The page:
Monday, May 17, 2010

The City on a Hill

I spent most of Saturday walking around Providence, RI with my book club looking for things related to Roger Williams, a key figure in our most recent read: The Wordy Shipmates by Sarah Vowell. We started out with a nice lunch at The Duck and Bunny, walked up College Hill to Brown, down to Prospect Hill Park and the Roger Williams' National Memorial, along North Main Street past RISD to Waterplace Park before heading back to the Duck and Bunny and driving home. It was a beautiful day to be outside, and I took a load of photos of Providence.

I loved this book, but mostly I loved using it as a launching pad for improvements I would love to make to the teaching of history in the American school system. Personally, I would love to not teach history until the fourth or fifth grade and then start teaching it in conjunction with geography, literature, and music so students could see how things link together giving a broader scope of world history. Dates are important, but it is better to understand that Charles II was a contemporary of Louis XIV, and this was in the time leading up to the Salem Witch Trials. Before really studying history, the kids could learn basic social studies, state capitals, the US Presidents, and the Constitution.

Too many people in this day and age use pop culture, in particular TV and movies, to teach them history, when, in many cases, the episode or film has changed historical facts to make the story more interesting. (I am looking at you, Shekhar Kapur.) Case in point: I was sitting in a Renaissance England history class once in college, and the professor asked the class about the motivation of Henry V to invade France during the Hundred Years' War. Now, I will be honest, I didn't do the reading so I didn't know the answer, but I wasn't the only one who hadn't because no one was raising their hand. When one brave soul finally did, his hesitant answer killed me: "Because the dauphin sent him tennis balls?" The professor lost it and gave a good ten minute talk about why Shakespeare was not to be relied upon for historical facts.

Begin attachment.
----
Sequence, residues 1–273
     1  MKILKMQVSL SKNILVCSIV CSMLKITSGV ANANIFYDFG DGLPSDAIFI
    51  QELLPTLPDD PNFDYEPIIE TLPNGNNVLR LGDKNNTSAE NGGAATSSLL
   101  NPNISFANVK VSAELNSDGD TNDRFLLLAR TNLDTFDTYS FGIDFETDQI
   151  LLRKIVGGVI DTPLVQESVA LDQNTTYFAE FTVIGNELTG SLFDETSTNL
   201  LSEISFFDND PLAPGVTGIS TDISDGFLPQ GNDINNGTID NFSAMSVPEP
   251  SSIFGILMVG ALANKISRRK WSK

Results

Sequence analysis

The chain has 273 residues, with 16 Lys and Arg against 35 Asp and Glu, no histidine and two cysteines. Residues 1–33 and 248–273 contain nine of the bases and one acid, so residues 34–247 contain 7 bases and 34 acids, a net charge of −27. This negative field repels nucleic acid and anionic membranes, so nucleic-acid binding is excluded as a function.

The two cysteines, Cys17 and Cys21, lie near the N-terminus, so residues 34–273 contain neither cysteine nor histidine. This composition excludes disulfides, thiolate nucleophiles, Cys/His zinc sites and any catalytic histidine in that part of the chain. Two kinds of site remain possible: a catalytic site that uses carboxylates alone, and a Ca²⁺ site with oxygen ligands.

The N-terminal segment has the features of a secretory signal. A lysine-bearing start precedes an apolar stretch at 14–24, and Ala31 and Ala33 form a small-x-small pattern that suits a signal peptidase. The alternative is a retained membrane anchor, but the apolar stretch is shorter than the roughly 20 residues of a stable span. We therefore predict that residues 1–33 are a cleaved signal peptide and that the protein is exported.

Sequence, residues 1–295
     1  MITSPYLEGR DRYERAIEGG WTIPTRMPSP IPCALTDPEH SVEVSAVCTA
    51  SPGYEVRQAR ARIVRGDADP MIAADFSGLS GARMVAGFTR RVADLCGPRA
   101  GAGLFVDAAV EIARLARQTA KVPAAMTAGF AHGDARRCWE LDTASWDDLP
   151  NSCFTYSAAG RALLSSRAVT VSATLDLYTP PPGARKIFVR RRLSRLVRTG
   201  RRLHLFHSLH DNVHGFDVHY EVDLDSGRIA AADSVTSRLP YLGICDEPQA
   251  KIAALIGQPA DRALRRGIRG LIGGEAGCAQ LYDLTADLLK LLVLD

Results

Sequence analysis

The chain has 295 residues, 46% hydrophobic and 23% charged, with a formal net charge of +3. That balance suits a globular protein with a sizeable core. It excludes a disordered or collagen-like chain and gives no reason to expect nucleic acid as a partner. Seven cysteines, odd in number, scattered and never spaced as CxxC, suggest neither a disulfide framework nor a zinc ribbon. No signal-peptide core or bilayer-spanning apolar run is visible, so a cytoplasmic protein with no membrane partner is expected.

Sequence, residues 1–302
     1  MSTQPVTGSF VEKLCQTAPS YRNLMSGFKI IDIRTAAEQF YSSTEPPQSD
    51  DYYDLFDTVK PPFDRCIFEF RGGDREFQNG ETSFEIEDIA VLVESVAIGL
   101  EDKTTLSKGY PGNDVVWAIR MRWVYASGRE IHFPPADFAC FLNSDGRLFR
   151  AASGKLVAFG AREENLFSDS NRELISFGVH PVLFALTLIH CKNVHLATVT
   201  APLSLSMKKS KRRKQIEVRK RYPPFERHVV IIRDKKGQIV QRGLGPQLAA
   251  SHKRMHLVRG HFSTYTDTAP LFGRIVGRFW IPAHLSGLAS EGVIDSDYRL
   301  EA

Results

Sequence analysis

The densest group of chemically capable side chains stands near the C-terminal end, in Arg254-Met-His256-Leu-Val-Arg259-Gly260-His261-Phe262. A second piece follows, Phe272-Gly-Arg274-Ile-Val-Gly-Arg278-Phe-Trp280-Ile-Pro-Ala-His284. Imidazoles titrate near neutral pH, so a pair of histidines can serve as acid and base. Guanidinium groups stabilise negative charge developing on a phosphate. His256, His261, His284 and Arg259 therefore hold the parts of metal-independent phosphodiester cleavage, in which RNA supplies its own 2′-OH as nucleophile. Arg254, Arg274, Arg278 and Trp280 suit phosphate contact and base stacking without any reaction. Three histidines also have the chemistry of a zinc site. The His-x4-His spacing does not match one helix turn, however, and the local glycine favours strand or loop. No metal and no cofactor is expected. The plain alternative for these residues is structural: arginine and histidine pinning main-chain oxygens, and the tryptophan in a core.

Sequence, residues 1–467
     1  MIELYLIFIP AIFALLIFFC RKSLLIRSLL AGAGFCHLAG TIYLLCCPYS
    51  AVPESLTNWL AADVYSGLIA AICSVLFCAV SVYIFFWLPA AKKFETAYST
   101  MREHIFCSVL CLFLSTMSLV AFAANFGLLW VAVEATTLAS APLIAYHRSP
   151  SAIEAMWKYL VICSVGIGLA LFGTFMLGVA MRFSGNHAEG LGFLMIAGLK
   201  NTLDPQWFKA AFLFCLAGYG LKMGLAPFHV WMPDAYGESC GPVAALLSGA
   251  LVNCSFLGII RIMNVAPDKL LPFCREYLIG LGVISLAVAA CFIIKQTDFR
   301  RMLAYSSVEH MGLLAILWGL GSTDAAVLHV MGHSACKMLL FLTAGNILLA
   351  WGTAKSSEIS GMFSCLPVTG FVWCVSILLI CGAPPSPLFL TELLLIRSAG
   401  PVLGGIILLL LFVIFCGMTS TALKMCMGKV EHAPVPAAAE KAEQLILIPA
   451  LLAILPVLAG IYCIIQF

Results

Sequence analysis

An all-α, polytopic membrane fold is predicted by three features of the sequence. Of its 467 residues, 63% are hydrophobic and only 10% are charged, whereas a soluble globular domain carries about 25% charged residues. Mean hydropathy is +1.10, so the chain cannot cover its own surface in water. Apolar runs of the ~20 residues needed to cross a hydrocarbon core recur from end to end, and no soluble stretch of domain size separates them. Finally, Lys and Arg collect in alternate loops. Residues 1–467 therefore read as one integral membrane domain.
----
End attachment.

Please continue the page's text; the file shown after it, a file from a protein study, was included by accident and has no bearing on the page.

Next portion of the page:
I learned quite a bit from Vowell, in particular, the ideological dichotomy between the Plymouth Puritans and the Massachusetts Bay colonists, but even further, the nature of the differences that drove Williams, and later Anne Hutchinson, from the colony. The fact that she explains all of this with her sardonic wit and tongue-in-cheek style made for interesting reading. I also liked that even though she was clearly frustrated with the overall attitudes and behavior of these historical figures, she made them human and accessible. She even had me cheering for that crazy Roger Williams at one point! The only general criticism of the book was that the book wasn't broken down into chapters, and I would have liked an index too. A couple members of the club ended up getting the audio book as they found Vowell's style better suited to listening than to reading.

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